Putting Your Small Business On The Map

Online maps: we use them everyday for purposes as varied as finding out how to meet our friends at a new restaurant to sending out invitations to our child’s birthday party. Maps are valuable graphical presentations of how to get to a certain place.

Most companies that depend on local customers are beginning to recognize that including their full physical address as well as a map on their web site is a must. But often, if a map gets included at all, it is slapped on a web page without much thought. With just a bit of effort, you can include maps that are truly useful to your site visitors and that will help draw them to your business. Here are five simple things you can do to fully leverage the power of maps on your web site.

Make your map useful. Recently I traveled to a city I didn’t know well. While I was planning my trip I tried to find a hotel near the city’s convention center. I went to several hotel web sites and immediately looked for a map on their site so I could see how far a walk I would have to the convention center. Only one hotel site I visited offered a map that actually gauged the distance for me. The same hotel site offered estimated walking times and distances to a variety of landmarks in the area. Excellent!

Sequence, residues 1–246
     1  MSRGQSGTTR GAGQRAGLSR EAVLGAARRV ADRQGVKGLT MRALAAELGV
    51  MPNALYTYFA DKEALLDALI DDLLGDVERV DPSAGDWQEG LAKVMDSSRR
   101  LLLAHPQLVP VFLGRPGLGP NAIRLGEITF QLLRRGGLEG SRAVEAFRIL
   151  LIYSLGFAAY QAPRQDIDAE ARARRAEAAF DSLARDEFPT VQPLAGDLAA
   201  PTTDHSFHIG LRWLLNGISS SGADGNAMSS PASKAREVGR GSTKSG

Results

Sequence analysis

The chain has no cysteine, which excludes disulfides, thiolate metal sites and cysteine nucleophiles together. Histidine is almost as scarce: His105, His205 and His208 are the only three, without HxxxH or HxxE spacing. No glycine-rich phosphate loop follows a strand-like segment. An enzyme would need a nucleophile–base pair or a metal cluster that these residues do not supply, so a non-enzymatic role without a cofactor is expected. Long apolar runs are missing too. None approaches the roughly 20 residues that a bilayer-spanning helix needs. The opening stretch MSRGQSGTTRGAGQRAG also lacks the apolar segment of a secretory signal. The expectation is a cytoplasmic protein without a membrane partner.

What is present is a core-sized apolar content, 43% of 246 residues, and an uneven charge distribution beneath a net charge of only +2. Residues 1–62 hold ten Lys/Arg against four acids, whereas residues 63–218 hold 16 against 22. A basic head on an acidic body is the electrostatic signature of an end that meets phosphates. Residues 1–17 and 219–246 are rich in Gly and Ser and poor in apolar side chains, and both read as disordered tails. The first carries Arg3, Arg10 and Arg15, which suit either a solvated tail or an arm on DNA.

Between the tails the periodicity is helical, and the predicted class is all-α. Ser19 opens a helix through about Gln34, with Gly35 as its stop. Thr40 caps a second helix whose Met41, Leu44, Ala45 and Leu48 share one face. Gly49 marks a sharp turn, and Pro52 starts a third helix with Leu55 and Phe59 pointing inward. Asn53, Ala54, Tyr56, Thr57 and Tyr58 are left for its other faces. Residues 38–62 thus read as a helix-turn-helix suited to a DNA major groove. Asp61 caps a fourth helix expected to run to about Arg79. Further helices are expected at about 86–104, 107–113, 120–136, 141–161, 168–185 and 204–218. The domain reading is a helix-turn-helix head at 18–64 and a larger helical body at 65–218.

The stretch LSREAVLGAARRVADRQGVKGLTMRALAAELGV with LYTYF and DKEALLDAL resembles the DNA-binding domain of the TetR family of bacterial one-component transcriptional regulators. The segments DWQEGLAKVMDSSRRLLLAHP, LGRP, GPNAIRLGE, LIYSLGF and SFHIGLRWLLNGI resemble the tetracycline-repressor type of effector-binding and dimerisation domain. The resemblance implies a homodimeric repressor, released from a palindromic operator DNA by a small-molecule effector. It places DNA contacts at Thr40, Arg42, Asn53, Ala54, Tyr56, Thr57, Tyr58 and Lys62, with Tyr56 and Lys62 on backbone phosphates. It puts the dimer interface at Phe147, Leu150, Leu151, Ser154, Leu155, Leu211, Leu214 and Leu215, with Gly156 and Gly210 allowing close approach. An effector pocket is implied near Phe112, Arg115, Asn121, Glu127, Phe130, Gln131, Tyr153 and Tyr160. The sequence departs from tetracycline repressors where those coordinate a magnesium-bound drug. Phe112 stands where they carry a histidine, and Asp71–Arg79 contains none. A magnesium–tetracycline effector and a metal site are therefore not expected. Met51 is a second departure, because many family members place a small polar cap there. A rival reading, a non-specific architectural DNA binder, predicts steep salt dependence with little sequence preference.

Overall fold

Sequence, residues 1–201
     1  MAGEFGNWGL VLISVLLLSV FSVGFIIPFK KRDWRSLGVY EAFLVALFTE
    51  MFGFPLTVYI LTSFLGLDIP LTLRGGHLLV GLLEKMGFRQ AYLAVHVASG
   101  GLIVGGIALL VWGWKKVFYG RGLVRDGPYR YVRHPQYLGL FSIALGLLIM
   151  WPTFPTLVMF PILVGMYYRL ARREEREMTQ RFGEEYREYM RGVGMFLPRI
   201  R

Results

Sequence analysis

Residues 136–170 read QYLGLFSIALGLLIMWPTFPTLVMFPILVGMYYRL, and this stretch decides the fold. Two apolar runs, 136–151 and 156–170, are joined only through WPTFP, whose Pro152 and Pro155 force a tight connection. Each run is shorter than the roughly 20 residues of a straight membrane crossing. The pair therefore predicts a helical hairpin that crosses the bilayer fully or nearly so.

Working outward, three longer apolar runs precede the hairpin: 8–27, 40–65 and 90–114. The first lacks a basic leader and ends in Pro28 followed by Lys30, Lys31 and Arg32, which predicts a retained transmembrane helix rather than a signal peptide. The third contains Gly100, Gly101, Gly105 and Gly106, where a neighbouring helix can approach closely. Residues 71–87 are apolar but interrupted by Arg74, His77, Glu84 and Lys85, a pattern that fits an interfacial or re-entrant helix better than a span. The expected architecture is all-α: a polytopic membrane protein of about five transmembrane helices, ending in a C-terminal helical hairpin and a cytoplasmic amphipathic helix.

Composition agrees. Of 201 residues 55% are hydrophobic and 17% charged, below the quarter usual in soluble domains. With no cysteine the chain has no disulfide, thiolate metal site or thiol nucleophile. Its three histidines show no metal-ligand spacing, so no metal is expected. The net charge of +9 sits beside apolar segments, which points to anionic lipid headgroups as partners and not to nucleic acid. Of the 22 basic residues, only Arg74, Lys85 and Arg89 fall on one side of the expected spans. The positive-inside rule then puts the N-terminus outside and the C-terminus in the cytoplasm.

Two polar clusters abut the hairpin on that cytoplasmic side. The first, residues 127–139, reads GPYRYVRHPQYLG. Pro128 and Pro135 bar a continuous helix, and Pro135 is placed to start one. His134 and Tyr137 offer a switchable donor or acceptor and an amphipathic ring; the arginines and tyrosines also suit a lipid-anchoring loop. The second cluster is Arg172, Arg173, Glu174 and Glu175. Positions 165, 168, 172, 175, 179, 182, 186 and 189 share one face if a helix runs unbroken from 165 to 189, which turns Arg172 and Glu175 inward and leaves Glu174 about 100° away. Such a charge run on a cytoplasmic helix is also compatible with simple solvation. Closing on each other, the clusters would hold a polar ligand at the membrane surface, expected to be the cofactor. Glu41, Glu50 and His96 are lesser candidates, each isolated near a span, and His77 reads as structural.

The other hotels’ maps showed the location of their hotel, but the image of the map was static (non-zoomable) and showed zoomed-in view that only showed two or three streets around the hotel itself. I couldn’t zoom out or view a big picture of where the hotel was located in proximity to the general area, so it wasn’t really a helpful map for me.

Since I didn’t know the town well, I wanted the flexibility to zoom out and get a feel for where the hotel was in relation to landmarks I was familiar with. The hotel with the "good map" figured out what was important to many travelers and provided that information on their site. All the hotels I researched had been equal in my mind up until that point. Providing a helpful map on their site pulled that one hotel ahead of the pack and favorably influenced my buying decision.

Interactive maps are extremely helpful for travelers who are new to a city. With Google’s announcement of an easy-to-use, cut-and-paste version of Google Maps, you can now quickly and easily add a map to your site. If for some reason an interactive map is not an option, include two maps instead. One should be a regional map showing your business in relation to popular attractions/landmarks. The other map should display your location in relation to its immediate surroundings. The smallest details (such as which side of the street your business is on) can be of great importance to out-of-town visitors.